If I extract each of these self-references I get a view that looks like this:

![]( "An arc diagram of links back to previous newsletter editions"An arc diagram of links back to previous newsletter editions)

I chose to use an arc diagram to retain the chronological ordering of the editions from top to bottom.

Extracting links and other tags from the “World Wide Web” of linked pages is a decades-old practice—here’s a graphy example from just this week. As I take stock of the first six months of writing source/target I feel particularly reflective. As write more it will be neat to see my self-reference graph slowly extend down the page with each and every edition.

  • Culinary historian & author Michael W. Twitty reflects on the formative planning stage of writing

  • Cheese lovers would probably say this hierarchy chart from Luz K. Molina is “grate” (sorry)
  • Spoiler alert for this family tree graph of the characters in hit TV show “Dark” from Samir Madhavan


Hat tip to my esteemed colleague Phil Rodgers for sharing this flowchart diagram of relationships between penguins (and humans) at Kyoto Aquarium. It’s a truly fascinating depiction of the apparently intricate love lives of penguins.

There’s a high resolution version of the chart available and an unofficial English translation.

Posted a few days ago, a previous version of the chart went viral last year and spawned this CNN article, probably one of the most mainstream articles to ever describe graph analysis.

I binge-watched a 49-episode season of Terrace House last year and would gladly commit to the same length or more for the penguin version.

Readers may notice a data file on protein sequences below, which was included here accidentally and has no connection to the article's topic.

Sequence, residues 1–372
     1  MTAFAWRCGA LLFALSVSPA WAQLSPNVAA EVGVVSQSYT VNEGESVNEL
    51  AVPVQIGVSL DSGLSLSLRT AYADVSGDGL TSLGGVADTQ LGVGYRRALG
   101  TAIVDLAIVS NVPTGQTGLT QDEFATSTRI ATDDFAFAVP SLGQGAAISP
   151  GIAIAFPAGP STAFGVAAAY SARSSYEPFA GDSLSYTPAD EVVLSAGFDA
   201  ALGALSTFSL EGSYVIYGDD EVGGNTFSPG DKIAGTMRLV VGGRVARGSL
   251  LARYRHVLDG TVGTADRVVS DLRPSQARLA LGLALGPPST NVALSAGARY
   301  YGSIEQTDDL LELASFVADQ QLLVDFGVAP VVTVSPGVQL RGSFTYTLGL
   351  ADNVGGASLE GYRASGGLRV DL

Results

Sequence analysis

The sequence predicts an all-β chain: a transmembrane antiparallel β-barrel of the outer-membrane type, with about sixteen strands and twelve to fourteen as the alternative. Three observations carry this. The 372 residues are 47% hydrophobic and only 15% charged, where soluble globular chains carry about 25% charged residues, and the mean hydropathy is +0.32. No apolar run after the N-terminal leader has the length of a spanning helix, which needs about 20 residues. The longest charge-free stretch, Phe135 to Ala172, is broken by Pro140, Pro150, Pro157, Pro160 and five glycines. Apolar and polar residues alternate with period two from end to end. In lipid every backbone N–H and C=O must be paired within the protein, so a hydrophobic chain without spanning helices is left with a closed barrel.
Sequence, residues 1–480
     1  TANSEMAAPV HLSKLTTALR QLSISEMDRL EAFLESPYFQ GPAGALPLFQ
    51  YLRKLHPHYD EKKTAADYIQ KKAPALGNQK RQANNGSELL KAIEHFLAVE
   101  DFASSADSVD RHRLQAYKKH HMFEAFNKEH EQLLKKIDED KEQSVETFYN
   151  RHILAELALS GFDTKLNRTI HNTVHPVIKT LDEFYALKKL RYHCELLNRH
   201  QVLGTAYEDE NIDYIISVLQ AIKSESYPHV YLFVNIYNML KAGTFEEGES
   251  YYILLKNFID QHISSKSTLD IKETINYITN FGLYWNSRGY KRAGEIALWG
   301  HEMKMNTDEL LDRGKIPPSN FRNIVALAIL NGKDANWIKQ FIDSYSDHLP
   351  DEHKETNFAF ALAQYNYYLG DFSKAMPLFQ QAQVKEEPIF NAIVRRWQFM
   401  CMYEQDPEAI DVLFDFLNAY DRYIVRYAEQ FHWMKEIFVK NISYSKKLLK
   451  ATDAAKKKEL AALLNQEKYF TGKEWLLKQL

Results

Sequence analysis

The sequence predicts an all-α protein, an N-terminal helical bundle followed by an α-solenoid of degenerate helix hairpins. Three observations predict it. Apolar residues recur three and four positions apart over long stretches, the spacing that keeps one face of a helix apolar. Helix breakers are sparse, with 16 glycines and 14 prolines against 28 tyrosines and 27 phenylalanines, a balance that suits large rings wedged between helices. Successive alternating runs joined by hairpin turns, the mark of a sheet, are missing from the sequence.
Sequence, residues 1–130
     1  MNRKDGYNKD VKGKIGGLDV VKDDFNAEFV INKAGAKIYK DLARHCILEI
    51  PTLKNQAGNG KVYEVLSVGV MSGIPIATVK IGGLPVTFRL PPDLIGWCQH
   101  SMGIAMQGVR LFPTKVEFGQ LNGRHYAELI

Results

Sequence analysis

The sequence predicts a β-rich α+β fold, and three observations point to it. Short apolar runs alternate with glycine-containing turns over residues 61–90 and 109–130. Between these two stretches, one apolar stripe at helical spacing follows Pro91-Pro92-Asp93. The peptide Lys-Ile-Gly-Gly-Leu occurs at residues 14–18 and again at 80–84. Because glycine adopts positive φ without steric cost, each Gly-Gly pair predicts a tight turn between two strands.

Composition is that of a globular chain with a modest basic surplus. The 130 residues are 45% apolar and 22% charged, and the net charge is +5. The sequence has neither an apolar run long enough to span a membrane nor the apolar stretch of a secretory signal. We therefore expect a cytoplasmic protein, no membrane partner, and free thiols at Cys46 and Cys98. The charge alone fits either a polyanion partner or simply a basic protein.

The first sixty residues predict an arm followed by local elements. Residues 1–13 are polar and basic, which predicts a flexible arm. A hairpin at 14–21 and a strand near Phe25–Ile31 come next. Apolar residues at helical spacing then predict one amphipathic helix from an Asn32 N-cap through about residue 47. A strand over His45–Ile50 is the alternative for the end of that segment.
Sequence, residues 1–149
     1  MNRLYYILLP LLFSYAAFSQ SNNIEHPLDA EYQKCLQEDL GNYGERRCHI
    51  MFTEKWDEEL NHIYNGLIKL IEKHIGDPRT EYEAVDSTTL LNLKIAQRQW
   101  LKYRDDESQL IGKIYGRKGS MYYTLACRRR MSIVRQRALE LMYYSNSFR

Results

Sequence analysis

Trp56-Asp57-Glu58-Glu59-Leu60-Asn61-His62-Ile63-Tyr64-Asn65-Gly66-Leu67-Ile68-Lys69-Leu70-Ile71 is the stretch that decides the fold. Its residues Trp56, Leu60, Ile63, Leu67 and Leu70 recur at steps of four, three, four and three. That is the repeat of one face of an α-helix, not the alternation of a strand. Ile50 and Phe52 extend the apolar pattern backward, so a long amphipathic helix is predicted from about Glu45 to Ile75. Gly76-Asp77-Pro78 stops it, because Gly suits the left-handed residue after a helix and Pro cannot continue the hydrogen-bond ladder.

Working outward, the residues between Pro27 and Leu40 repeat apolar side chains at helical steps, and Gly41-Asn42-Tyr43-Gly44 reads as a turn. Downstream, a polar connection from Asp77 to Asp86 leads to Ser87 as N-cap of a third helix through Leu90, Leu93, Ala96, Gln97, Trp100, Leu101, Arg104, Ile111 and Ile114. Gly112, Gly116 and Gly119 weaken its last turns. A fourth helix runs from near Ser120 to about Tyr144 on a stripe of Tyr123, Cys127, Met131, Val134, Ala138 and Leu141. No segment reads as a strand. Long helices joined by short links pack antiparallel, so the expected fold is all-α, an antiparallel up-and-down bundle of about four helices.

Lots of readers were taken with my lyrics graph visualizer from last time. One particularly inspired observation was describing the commonly-found “circular loop” graph as a “clover”. I think there’s potential for more with this app and I definitely want to add more features in the future.

I’m loving the accelerated innovation and efforts being made to turn virtual conferences into more playful, organic spaces for discovery and networking. Yotribe is one example of this: a visual chatroom where attendees can wander between spaces and strike up conversations. It’s reminiscent of Habbo Hotel but suitable for a work environment.

“Habbo Hotel? Oh, it’s like an isomorphic, pixelated hotel, but virtual and over slow dial-up internet… Hello are you still there?”

I’m not sure about the name; Google autocorrect keeps changing it to “YouTube” which is probably an instant fail when choosing a name for a company.

This isn’t just an attempt to refer back to as many old editions as possible but this interactive visualization of European migration flows is an alternative depiction of a similar dataset I shared back in March. There’s a full write-up of the methodology from authors Francisco Rowe & Nikos Patias along with accompanying code.

Thanks again for subscribing, I hope you enjoyed this edition. Please continue to send suggestions and thoughts to this email, I love hearing from you.

Stay safe, see you in two weeks.